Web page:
Of Nature and Things

Of Nature and Things

An Ensemble of Instruments by Fedde ten Berge

In this post we present the work of Dutch artist Fedde ten Berge who has created a beautiful and dazzling ensemble of instruments that use Bela.

Fedde ten Berge is a sound artist who creates work across different contexts and disciplines. In his project Of Nature and Things he has developed a series of sound installations that investigate the possible manifestations and combinations of different types of material. A recurring characteristic of these works is the use of ceramic, and a large part of his research focuses on expressing the electrical capacity and vibrational qualities of this material. In each of the three works presented below a ceramic object is combined with other kinds of material: some materials that have been found ready-made in nature, and others that have been strongly manipulated by man.

Of Nature and Things

The result is a series of three objects, made in collaboration with ceramicist Frank van Os, where the sonic, visual and sculptural qualities of the materials used are investigated, enriched and magnified for the approaching audience. The objects invite the audience to wonder and play: the sound sculptures seduce the viewer to be autonomous and personally interact with each work. The audience can explore the objects by moving closer and touching them with their hands, and when they do so the objects respond with intensified and designed electronic sound. They invite the audience to independently and carefully explore the layered possibilities of each work, forging a private experience, a relationship which grows between the objects and audience.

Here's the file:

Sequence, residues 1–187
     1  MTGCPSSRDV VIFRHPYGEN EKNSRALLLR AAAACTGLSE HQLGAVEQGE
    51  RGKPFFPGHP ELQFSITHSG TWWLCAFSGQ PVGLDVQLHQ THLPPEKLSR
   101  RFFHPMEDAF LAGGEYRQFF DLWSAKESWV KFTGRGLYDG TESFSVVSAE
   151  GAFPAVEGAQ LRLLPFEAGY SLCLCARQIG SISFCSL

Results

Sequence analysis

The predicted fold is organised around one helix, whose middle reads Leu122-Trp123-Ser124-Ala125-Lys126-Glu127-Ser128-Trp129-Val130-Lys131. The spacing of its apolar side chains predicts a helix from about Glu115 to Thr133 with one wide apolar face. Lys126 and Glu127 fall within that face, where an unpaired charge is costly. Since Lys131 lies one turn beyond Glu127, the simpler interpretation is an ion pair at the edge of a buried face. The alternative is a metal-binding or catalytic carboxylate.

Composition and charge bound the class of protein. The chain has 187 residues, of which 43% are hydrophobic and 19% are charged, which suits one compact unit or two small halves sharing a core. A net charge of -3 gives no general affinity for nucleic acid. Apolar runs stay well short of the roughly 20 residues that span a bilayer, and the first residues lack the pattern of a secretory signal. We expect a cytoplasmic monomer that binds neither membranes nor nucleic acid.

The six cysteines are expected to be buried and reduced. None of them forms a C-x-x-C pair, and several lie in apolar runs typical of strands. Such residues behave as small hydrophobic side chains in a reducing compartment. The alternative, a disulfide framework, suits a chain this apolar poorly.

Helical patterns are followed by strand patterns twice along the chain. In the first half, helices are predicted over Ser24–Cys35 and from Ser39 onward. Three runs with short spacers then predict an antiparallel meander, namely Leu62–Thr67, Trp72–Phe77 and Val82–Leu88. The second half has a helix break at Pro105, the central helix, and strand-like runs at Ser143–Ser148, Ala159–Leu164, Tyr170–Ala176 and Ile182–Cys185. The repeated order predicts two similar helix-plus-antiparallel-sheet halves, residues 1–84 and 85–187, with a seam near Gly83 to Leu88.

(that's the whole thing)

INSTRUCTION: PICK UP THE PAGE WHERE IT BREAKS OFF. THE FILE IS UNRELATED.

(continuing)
The Shroom (De Shroom)

The Shroom focuses on the different levels of vibrations that are present in the physical reality of the artwork: electromagnetic, acoustic, material and structural vibrations are picked up using different sensing strategies. This enables The Shroom to ‘respond’ to the approach of the audience with carefully designed sound, allowing the visual design of the object to come into close relation with the sound design.

Under the hood

The Shroom is a ceramic bowl that is mounted and balanced on a steel frame with metal cables. The ceramic clay is baked with steel dust which gives it a very high resistance and on the inside there is an additional layer of conductive alluminium foil. This makes the bowl a big capacitor that is very suitable for proximity field capacitive sensing. On the second PRU of the Beaglebone Black there is code which does the capacitive sensing at multiple frequencies. A custom render.cpp is sending the sensor values into Pure Data.